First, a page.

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Ups & Downs: Shrinking birds, record temperatures, and fluctuating water levels

The Clim8


Photo Credit: via Istock

Birds are shrinking. Here’s why that matters. (The Hill)

For a long time, scientists have assumed that rising temperatures are directly linked to shrinking animal body sizes. Only now, through a recent study done on over 70,000 North American bird specimens, have they been able to prove this theory. The study, conducted over the past forty years, found that warming temperatures have been shrinking birds, along with several fish and other cold-blooded animals. This finding backs up Bergmann’s Rule, a long-established observation that dictates that individual animals in a species that reside in warmer regions of that species’ geographical range tend to be smaller.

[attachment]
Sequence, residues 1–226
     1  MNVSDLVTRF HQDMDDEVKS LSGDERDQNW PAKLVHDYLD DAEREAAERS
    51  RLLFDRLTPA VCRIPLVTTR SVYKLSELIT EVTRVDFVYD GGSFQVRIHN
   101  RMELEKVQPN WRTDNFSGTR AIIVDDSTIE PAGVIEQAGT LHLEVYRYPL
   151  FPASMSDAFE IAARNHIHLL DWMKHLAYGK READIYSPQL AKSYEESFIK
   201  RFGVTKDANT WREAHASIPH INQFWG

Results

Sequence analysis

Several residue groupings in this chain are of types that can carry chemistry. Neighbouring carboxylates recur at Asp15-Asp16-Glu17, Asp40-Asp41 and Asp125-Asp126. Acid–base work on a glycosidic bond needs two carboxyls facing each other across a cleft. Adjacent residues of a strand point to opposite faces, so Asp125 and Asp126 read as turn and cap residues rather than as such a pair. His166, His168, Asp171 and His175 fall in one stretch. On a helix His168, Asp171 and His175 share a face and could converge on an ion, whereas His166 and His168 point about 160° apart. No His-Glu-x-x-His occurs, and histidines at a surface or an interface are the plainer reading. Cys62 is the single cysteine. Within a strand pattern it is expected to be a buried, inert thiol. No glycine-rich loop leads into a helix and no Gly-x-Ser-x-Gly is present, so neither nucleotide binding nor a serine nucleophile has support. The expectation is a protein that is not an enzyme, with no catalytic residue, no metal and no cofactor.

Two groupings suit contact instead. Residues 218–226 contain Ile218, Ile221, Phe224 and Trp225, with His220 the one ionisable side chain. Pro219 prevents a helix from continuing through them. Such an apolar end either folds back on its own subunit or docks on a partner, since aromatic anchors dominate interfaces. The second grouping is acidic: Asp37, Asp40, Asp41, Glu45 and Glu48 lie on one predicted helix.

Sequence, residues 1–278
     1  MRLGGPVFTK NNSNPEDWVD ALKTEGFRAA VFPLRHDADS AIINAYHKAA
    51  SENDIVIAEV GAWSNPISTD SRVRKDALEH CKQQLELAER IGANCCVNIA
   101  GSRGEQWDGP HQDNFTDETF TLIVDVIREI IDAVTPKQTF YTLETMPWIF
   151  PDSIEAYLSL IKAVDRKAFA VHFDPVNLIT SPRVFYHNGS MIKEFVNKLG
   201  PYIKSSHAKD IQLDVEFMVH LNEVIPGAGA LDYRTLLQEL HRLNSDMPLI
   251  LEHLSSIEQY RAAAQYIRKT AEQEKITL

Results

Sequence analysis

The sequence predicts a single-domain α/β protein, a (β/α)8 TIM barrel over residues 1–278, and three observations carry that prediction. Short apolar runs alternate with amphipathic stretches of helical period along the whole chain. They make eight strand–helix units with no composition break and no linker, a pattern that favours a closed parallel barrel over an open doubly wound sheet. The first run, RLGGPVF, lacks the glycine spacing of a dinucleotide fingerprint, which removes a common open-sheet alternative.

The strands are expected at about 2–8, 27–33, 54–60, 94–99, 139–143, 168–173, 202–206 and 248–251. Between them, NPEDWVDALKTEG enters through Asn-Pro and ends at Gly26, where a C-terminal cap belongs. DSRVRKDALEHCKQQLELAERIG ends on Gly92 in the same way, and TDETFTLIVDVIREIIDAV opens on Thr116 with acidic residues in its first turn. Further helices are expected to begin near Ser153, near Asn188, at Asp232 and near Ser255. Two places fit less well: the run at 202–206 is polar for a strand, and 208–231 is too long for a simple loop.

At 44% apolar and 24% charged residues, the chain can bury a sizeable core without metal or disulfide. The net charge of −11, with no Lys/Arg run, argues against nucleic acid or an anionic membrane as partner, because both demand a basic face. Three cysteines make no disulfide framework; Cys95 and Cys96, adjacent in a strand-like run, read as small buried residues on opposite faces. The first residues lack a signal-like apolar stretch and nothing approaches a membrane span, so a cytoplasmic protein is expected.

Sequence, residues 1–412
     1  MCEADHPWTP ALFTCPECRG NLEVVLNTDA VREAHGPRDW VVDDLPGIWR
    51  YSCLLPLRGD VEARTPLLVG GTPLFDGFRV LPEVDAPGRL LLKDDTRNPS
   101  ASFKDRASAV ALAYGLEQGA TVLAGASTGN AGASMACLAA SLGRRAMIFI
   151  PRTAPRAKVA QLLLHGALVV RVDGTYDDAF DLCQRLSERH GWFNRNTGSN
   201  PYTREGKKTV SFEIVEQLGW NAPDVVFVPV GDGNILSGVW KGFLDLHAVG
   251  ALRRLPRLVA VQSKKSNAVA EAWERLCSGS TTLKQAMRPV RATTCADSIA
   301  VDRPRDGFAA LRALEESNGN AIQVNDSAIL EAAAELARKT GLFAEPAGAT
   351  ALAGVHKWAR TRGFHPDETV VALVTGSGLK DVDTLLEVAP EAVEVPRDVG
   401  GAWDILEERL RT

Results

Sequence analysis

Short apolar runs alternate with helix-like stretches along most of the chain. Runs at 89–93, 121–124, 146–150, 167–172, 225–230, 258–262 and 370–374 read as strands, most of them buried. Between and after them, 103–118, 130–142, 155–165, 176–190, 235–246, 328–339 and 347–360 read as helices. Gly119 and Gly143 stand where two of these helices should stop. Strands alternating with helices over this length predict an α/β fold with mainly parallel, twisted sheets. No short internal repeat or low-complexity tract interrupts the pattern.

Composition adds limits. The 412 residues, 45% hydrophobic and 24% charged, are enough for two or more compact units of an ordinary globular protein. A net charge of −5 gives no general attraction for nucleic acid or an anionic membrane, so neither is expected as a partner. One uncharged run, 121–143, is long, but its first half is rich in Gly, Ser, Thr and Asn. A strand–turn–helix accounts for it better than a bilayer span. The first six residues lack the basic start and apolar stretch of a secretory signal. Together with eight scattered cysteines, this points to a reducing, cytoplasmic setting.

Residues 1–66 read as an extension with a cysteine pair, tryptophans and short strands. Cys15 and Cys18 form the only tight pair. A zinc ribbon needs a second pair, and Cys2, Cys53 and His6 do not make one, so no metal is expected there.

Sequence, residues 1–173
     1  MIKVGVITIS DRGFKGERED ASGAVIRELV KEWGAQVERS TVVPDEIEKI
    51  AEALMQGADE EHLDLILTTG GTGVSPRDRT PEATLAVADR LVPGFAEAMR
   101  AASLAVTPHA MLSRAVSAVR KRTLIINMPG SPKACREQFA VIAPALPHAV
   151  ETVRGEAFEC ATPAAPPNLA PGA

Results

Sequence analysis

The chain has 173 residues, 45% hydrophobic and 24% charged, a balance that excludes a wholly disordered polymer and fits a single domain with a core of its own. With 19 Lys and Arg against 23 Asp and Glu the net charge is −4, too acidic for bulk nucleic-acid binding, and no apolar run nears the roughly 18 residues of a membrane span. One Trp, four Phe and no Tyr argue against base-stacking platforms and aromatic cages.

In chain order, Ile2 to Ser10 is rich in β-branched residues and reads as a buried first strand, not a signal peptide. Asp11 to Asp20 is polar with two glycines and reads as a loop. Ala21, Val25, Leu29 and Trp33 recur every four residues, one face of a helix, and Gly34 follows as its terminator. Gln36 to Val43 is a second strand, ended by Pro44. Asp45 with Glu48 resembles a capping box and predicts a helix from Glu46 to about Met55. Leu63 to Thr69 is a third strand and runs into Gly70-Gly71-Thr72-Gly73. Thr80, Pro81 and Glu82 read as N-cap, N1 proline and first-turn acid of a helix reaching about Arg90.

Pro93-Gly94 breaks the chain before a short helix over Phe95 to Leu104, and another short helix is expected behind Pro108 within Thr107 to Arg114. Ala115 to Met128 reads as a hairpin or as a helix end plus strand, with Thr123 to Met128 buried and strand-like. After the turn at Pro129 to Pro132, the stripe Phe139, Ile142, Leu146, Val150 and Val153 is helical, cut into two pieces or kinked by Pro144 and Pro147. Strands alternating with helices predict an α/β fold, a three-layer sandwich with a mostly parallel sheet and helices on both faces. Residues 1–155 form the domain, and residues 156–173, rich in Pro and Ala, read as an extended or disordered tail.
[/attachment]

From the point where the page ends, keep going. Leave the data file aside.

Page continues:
Check it out: Read the study on North American bird species for yourself here.

Photo Credit: David Crosling via AAP

When climate change kills: Annual heat-related deaths on the rise (The Guardian)

A 20-year study has found that around five million people -- accounting for 9.4% of total annual global deaths -- die each year due to extreme temperatures, and that this number is only rising. Although over the past two decades, more have died due to excessive cold rather than excessive heat, today the balance is shifting, and cases of heat-related deaths are increasing while cold-related deaths are dropping. Some solutions include improving housing insulation and installing solar-powered air conditioning systems.

Check it out: Read the study, published in the journal the Lancet Planetary Health, for yourself here.

Photo Credit: Kent Porter via AP

Why oil monopolies owe the people of the world (CNN)